Tag Archives: backpacking tent reviews

July 19, 2016 Nevada Fall, Half Dome, and Liberty Cap from the John Muir Trail, Yosemite National Park.

Ask Me: What Gear Do You Suggest For Thru-Hiking the John Muir Trail?

In Ask Me, Backpacking, National Park Adventures   |   Tagged , , , , , , , , , , , , , , , , , , , , , , , , , , , , , , , , , , , , , , , , , , , , , , , , , , , , , , , , ,   |   Leave a comment

Hello Michael,

I read your article about ultra-backpacking and how you did the John Muir Trail in seven days. I am planning on doing it, but would like to know, for an ultralight backpacker, what items did you use for tent, sleeping bag, etc.? And any feedback or thoughts that you have that would be beneficial for me would be much appreciated.

Thank you.

Joei
Covina, CA Continue reading →

Gear Review: Big Agnes Fly Creek HV UL2 mtnGLO and Fly Creek HV UL3 Ultralight Tents

June 1, 2016  |  In Gear Reviews   |   Tagged , , , , , , , , , , , ,   |   Leave a comment
Big Agnes Fly Creek HV UL3 in Panamint Range, Death Valley National Park.

Big Agnes Fly Creek HV UL3 in the Panamint Range, Death Valley National Park.

Ultralight Backpacking Tents
Big Agnes Fly Creek HV UL2 mtnGLO
$440, 2 lbs. 1 oz.
Big Agnes Fly Creek HV UL3
$450, 2 lbs. 15 oz.

As we searched for a campsite while backpacking in the canyon of Utah’s Dirty Devil River in late March, the wind picked up. Then the rain started. My wife and daughter pitched the new Big Agnes Fly Creek HV UL2 mtnGLO in minutes without having even looked at it before—a testament to its simplicity. Once darkness fell a little while later, they turned on the lights—the tent’s built-in LED lights, that is—and I think they promptly forgot there was a storm just outside their nylon walls. Continue reading →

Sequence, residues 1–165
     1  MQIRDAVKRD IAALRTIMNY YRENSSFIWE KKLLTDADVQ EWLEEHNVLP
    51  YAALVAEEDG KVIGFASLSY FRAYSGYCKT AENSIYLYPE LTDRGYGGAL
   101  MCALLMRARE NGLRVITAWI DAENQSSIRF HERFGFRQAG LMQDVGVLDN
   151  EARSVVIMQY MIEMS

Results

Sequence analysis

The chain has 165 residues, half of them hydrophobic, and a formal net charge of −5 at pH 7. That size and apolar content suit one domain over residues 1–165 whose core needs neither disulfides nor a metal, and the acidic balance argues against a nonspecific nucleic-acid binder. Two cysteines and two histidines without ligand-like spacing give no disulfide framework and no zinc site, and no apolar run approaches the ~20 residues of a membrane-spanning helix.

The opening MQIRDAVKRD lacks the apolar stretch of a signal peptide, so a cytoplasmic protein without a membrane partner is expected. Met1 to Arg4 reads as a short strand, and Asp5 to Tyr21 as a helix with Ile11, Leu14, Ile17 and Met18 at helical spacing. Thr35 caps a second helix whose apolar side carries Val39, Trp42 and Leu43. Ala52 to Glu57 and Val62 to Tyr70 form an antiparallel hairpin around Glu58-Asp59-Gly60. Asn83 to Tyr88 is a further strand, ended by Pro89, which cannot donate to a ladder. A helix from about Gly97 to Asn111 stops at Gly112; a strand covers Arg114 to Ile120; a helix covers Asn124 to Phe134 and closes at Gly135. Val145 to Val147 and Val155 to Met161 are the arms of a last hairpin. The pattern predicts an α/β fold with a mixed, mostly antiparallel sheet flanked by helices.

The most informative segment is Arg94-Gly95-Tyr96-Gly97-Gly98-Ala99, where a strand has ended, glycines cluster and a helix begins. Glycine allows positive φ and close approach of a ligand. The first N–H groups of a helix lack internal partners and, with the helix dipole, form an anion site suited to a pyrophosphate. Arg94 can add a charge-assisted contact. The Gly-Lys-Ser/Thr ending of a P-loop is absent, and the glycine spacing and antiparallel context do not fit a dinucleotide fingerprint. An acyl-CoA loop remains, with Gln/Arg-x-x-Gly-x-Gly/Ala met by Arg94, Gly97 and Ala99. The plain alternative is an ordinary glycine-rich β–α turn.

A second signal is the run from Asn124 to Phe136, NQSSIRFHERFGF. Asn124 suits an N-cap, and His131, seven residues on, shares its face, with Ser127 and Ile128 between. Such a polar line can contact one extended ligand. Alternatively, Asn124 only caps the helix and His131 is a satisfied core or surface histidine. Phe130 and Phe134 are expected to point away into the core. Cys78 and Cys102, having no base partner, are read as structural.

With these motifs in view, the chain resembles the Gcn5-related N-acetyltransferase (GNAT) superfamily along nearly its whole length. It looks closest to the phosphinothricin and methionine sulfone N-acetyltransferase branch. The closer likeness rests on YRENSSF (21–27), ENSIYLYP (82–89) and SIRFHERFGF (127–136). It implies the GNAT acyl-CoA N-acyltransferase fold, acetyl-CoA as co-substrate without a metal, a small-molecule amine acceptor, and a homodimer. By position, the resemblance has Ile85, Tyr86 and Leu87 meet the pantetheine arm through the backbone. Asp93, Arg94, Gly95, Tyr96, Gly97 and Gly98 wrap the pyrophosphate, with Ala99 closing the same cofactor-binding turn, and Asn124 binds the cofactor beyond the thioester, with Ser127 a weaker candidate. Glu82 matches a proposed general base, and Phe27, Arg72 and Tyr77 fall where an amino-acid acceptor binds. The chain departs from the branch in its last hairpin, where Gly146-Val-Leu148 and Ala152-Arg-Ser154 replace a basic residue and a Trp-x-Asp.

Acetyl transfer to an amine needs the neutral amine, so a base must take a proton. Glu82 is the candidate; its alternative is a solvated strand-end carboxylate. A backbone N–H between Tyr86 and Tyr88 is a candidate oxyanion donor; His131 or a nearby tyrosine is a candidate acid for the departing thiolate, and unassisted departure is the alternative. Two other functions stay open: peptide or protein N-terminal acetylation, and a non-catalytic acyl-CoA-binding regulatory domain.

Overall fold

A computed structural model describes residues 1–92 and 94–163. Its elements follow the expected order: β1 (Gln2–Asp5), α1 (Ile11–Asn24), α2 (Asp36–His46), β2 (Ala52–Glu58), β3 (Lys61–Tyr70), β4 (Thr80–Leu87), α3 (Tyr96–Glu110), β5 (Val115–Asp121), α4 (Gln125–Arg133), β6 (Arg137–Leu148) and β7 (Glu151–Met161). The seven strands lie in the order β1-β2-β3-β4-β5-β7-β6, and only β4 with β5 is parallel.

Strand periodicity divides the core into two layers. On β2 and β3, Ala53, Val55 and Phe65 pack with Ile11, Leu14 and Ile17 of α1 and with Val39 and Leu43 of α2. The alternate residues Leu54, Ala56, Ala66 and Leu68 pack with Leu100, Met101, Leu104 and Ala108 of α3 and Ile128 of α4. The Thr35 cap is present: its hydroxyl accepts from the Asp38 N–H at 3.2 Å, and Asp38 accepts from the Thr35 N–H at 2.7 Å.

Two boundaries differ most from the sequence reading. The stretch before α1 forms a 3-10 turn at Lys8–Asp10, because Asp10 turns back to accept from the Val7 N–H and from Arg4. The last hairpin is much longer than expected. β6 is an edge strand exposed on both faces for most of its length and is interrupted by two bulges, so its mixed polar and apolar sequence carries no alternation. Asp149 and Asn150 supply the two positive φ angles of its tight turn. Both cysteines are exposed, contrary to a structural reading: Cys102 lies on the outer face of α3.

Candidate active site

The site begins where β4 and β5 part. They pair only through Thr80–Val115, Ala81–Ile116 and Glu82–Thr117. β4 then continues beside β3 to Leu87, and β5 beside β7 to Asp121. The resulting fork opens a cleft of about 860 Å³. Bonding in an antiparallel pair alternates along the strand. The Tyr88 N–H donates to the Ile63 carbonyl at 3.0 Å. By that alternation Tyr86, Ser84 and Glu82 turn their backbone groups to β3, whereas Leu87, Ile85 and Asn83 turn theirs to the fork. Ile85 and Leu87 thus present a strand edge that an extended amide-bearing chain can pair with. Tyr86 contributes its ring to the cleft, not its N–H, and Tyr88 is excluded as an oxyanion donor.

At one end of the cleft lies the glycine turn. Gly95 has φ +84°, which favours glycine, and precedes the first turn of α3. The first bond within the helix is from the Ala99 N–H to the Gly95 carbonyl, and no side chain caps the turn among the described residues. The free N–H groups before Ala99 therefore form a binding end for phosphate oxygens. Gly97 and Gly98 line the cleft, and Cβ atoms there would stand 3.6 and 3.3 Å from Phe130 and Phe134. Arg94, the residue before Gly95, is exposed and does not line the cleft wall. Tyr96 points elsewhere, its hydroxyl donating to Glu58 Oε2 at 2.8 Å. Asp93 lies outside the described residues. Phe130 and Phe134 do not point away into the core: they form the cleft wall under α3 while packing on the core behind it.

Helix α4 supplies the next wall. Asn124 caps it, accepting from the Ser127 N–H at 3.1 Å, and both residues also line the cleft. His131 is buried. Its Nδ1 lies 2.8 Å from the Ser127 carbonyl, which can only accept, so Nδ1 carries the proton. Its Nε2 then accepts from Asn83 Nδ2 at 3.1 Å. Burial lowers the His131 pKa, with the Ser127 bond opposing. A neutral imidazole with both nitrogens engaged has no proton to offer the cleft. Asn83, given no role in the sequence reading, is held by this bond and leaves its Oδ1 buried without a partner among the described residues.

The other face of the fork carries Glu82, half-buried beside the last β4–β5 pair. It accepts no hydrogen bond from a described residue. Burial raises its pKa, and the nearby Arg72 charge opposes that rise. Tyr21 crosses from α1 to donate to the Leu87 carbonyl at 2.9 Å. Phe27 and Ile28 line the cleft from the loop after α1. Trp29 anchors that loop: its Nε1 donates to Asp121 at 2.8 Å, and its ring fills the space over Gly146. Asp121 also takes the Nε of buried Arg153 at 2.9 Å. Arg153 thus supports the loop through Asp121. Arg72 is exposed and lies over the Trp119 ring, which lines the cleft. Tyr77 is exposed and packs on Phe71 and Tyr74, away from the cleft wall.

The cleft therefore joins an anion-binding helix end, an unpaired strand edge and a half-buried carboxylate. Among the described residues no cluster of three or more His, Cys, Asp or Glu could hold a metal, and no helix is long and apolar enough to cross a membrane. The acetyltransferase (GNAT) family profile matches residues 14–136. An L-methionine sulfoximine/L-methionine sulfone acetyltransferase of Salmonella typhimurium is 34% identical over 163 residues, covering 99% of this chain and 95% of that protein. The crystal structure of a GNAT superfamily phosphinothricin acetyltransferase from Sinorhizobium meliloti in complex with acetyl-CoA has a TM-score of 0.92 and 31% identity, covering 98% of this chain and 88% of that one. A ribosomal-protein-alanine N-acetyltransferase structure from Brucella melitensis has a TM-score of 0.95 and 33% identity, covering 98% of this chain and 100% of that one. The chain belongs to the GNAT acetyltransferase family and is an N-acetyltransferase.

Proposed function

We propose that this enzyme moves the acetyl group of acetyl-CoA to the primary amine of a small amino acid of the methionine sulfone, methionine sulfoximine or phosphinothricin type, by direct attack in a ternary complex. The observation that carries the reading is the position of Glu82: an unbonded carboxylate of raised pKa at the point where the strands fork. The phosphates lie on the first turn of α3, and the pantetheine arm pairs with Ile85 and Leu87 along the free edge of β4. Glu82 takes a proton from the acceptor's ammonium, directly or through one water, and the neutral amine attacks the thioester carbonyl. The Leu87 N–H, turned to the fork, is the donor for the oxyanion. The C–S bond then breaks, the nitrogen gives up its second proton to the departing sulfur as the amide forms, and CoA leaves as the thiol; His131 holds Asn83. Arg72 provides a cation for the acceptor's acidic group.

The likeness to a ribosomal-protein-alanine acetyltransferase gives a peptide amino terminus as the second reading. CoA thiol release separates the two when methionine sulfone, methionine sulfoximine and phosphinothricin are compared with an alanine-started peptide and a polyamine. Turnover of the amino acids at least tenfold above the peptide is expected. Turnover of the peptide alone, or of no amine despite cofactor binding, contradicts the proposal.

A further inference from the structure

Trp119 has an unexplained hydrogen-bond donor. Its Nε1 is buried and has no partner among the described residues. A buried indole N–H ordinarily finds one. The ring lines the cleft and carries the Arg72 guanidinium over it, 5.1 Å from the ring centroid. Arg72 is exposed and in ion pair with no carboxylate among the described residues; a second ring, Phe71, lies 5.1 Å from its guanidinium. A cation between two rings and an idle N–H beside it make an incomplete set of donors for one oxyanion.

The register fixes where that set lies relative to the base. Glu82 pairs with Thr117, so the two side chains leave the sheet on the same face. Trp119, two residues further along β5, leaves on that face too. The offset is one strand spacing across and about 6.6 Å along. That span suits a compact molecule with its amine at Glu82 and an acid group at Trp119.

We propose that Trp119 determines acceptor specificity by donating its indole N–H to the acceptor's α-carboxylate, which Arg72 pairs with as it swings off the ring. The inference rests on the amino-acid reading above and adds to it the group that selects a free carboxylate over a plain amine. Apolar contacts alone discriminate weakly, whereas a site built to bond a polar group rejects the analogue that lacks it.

May 26, 2016 Near high base camp below Mount Whitney's East Face.

Review: Gear For Climbing Mount Whitney

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By Michael Lanza

For our spring ascent of the Mountaineers Route on California’s 14,505-foot Mount Whitney—highest peak in the Lower 48—my 15-year-old son (in lead photo, above, approaching our high camp below Whitney’s East Face) and I used technical gear that you would use on many classic snow and glacier routes up peaks from Cascade Range volcanoes like Shasta, Hood, and Rainier to Mount Olympus, the Tetons, and the Alps. Here are my from-the-mountain observations about the gear that got us up and down Whitney, including backpacks, a mountaineering tent and boots, climbing hardware, super warm sleeping systems, and technical apparel. Continue reading →

May 1, 2016 Backpacking The Narrows, Zion National Park.

Buying Gear? Read This First

In Backpacking, Gear Reviews, Hiking, Skills   |   Tagged , , , , , , , , , ,   |   2 Comments

By Michael Lanza

Are you in the market for a new pack or boots for hiking or backpacking, or a new tent or sleeping bag? How do you find something that’s just right for you? What should you be looking for? How much should you spend? These are questions I’ve heard from many friends and readers over the years as they’ve waded through the myriad choices that are out there. Here are my five top tips for buying gear that’s right for you, gleaned from lessons I’ve learned from two decades of testing and reviewing gear and helping people find gear they love. Continue reading →

Gear Review: Sierra Designs Flash 2 FL Tent

April 6, 2016  |  In Gear Reviews   |   Tagged , , , , , , ,   |   Leave a comment
Sierra Designs Flash 2 FL.

Sierra Designs Flash 2 FL.

Three-Season Tent
Sierra Designs Flash 2 FL
$400, 3 lbs. 10 oz.
sierradesigns.com

The rain started as we searched for a campsite by Utah’s Dirty Devil River. Then the wind kicked up. My son and I quickly pitched this tent and stashed our gear inside without anything getting wet. And as we lounged inside, the Flash 2 FL withstood gusts of 30 to 40 mph—even when the swirling winds hit the tent broadside. But its stability is just part of the strong story of the Flash 2 FL, whose features and performance will appeal to many backpackers who want a lighter shelter, but can’t abide the cramped quarters of many ultralight tents. Continue reading →

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